THE HOUSEWIFE


ENLARGE


ENLARGE


ENLARGE

Here's the scenario. New recruit gets a brand spankin' new pair of breeches and is running around in his first action when -- riiiiiiiip! -- he blows the crotch out going over a fence.

Old guard will be nodding knowingly; the ripped breeches story is an old and sad one.

For the 18th century soldier, this problem was a non-issue. That's because the 18th century soldier knew the basics of sewing and mending.

Although it's not required, having what's called a "housewife" in your haversack is a handy thing. Having the skill to use it is even better.

If you've already tackled the leggings project, a great second project is making oneself a housewife mending kit out of scrap linen. Housewives are great because you can practise many of the basic stitches during construction, even cross stitch marking.

The housewife to the left has been made by Elizabeth McAnulty. It has been made with a variety of scrap fabric, arranged into an attractive portable sewing kit and trimmed with green twill tape.

A typical soldier's housewife would contain:

selection of linen thread on winders
selection of good needles
extra buttons
pins
bodkins*
thimble
small linen or canvas patches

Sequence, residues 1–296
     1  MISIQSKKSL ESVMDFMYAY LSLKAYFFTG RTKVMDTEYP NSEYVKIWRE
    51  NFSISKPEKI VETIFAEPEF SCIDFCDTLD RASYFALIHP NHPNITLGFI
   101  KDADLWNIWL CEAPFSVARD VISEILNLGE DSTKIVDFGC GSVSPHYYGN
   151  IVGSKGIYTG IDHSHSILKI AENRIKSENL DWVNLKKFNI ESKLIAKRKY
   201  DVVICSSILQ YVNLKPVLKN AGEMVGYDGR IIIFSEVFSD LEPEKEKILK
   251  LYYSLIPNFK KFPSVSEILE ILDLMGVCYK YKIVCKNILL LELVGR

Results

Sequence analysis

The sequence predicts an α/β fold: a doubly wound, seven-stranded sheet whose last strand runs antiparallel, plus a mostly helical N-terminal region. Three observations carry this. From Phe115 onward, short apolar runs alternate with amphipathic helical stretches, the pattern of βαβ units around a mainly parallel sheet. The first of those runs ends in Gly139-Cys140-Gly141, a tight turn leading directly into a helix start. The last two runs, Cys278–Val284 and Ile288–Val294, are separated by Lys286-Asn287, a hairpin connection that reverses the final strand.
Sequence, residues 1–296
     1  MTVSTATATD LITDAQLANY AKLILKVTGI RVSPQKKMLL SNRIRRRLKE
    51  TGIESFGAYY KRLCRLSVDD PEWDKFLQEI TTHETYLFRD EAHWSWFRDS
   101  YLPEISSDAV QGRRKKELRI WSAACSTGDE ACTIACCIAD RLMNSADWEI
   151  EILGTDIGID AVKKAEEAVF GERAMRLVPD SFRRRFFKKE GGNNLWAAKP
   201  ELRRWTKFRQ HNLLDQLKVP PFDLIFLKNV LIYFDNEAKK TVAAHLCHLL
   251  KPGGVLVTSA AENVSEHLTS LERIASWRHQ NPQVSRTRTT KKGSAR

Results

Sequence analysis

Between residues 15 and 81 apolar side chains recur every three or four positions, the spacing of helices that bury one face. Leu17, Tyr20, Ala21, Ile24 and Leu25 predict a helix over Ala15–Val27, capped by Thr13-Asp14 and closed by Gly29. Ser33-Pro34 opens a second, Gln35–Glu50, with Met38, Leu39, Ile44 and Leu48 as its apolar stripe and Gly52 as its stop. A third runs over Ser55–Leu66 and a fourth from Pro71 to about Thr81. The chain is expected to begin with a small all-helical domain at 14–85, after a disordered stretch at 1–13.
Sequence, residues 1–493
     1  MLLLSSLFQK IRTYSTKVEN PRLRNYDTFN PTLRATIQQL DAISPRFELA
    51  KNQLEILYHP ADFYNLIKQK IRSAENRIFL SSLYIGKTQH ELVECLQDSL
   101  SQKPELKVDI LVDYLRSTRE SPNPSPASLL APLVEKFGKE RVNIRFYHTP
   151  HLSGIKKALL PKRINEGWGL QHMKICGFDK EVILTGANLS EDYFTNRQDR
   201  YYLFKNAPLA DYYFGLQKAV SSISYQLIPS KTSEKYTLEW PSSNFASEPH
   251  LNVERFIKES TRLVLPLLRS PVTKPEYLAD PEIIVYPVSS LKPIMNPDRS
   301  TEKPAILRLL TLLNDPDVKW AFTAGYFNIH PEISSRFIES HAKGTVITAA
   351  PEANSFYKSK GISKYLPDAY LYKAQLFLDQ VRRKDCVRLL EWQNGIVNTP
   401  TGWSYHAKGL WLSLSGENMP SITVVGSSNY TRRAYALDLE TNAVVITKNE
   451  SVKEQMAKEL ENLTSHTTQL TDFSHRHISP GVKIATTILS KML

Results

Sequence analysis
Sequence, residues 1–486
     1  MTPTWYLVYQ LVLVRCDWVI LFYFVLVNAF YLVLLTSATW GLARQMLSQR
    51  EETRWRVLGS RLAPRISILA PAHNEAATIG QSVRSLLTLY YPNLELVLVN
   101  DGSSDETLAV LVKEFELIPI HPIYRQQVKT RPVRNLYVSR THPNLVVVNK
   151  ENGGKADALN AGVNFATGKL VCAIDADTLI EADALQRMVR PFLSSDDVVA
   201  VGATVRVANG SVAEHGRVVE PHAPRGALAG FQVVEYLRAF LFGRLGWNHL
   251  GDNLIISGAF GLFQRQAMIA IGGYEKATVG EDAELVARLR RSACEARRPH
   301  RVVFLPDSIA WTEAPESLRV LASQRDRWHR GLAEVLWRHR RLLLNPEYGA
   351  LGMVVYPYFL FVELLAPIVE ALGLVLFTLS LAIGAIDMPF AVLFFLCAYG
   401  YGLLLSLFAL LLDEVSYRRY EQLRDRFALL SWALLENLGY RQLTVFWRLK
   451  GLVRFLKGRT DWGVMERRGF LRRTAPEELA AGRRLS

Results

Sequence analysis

twill tape

beeswax

*Bodkins can be like gimlets for piercing holes in fabrics or can be the kind for threading tapes through things (such as the modern metal one that is attached to the housewife binding tape in the pictures).

Although the skills to make a housewife can often be gleaned around a campfire or by asking someone who you know is capable of threading a needle, you can find further information on housewives, basic stitching, and tailoring, the following publications are excellent:

Lady's Guide to Plain Sewing, Kathleen Kannik
Lady's Guide to Plain Sewing II, Kathleen Kannik
Workman's Guide to Tailoring Stitches, Kathleen Kannik
Tidings from the 18th Century, Beth Gilgun
Rural Pennsylvania Clothing, Ellen J. Gehert

A good source of 18th century mending materials are available from Wooded Hamlet.

Once you've tackled the basics and become as deft with the needle as with the musket you can move on to actually making stuff!

Imagine the power!


 

 

 

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